A Chip off the Old Block

Our late son-in-law, Jon Jance, (He took our daughter’s name when they married.) was 37 years old when he lost a nine-year battle with malignant melanoma.  Because he was young and otherwise healthy, he signed up for every protocol that came his way.  He was Patient #6 on a T-cell protocol at the Seattle Cancer Care Alliance.  (A dozen years later T-cell treatments pioneered by Jon and other cancer treatment pioneers are giving hope and in some cases remission to newly diagnosed melanoma patients.)

What the T-cell protocol did for Jon is give him two extra years of reasonably good quality of life.  That course of treatment also gave us our grandson, Colt, who was nine-months old when we lost his Daddy.  Obviously Colt has no memory of the graveside service at the Douglas A. Munro Memorial in Cle Elum.  Jon was active duty Coast Guard at the time of his diagnosis, and he was part of the honor guard when the Douglas Munro Memorial was dedicated.  That’s where Jon wanted to be buried—there with his fellow Coasties.

The ceremony was moving.  The guys who did the 21-gun salute were a bunch of crusty old Vietnam vets, and they’ve been there ever since—every year on Veteran’s Day and Memorial Day—to welcome Jeanne T. and Colt—because that’s where they go twice a year—to Cle Elum to visit with Jon.  The guys who did that service know Colt by name, and they remember him.

Three years ago as a fourth grader, when Colt joined the school band at Rose Hill Elementary , he signed up to play trumpet, and then he went to the band instructor with a special request.  Between September and the end of May, could he teach Colt to play Amazing Grace so he could play it for his Daddy on Memorial Day?.  As the band teacher told Jeanne T. later, in more than thirty years of teaching band, he’d never had that kind of request, but believe you me, that teacher delivered.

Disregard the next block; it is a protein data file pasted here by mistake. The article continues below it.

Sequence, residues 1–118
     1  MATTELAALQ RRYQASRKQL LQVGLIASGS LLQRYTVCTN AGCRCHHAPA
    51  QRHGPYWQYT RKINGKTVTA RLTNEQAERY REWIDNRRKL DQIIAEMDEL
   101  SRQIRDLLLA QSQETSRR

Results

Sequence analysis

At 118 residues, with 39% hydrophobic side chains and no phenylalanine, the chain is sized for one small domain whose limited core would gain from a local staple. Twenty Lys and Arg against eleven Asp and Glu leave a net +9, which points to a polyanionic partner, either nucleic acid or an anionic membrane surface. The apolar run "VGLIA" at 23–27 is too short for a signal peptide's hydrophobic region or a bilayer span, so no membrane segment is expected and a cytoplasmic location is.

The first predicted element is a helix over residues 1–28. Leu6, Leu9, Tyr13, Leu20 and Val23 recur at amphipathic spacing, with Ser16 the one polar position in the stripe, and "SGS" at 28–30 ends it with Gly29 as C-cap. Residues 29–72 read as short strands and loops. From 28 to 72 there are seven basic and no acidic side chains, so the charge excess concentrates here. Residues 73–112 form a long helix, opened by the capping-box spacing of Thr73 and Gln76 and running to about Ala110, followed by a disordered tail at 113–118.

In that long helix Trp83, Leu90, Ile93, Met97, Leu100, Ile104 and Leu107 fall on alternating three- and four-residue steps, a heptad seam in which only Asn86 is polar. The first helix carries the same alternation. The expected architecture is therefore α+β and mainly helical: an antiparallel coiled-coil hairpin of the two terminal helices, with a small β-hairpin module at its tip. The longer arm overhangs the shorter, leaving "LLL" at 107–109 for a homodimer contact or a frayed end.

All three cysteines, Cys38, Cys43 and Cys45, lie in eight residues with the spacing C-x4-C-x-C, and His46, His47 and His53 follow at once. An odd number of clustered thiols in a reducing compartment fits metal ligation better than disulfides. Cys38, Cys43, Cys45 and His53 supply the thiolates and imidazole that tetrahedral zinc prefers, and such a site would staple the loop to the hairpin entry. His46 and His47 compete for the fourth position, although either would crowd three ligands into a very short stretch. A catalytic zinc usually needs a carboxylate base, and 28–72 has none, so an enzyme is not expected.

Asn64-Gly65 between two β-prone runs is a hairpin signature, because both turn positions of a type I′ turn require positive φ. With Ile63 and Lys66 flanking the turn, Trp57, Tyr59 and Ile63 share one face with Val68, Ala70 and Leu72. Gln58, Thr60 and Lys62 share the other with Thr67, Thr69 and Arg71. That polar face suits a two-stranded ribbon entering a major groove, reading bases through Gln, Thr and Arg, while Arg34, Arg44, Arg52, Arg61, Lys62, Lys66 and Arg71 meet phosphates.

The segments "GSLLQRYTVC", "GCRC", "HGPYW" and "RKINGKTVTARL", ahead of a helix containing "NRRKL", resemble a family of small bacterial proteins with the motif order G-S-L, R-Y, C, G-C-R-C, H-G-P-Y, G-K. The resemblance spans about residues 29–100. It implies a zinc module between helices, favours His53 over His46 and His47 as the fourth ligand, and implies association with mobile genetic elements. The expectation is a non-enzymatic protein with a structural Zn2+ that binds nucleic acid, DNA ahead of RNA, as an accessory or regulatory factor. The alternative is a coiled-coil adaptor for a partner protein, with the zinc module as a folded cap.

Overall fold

When Jeanne T. and Colt are in the car, traveling back and forth to bowling tournaments or to church or to Doggy Day Care, she’s Captain Kirk and he’s Lt. Uhura.  (I wonder if he’s ever seen any of those original Star Trek episodes?)  But he does a terrific job of handling communications.  For a long time, they had a favorite radio team.  Three years ago, in May, the DJs asked what people were planning to do on Memorial Day weekend.  Colt immediately dialed the station’s number and said he was going to go to the cemetery in Cle Elum to play Amazing Grace on his trumpet for his Daddy.  My understanding is that the station went straight to a commercial break, because there wasn’t a dry eye in the house.  When they came back on air, they asked Colt if he would come to the station and play Amazing Grace for them.  He did.

At the time Colt was a beginning trumpet player.  His performance may not have been brilliant, but give the kid credit for being brave.  Herb Alpert and the Tijuana Brass was in no danger of being overtaken by a fourth-grader named Colt Jance, but he played the piece live and on the air, and we were very proud of him.

Tonight I went to see the Rose Hill Middle School’s fall band concert. Colt, now in Jazz Band, was one of two soloists in the jazz band segment. (He also functioned as stage manager for the entire production, handling microphones and rearranging the seats on stage.  When the jazz band swung into a toe-tapping version of Tuxedo Junction, I had goose bumps.  Colt’s solo came in the next number, Oye, ¿cómo va? which, loosely translated and, as far as I can tell, means, “Hey, how’s it going?”  The piece was wonderful, and so was Colt’s performance.   I applauded like crazy.  There may even have been a stray, unauthorized, and culturally inappropriate coyote yip or two thrown into the mix.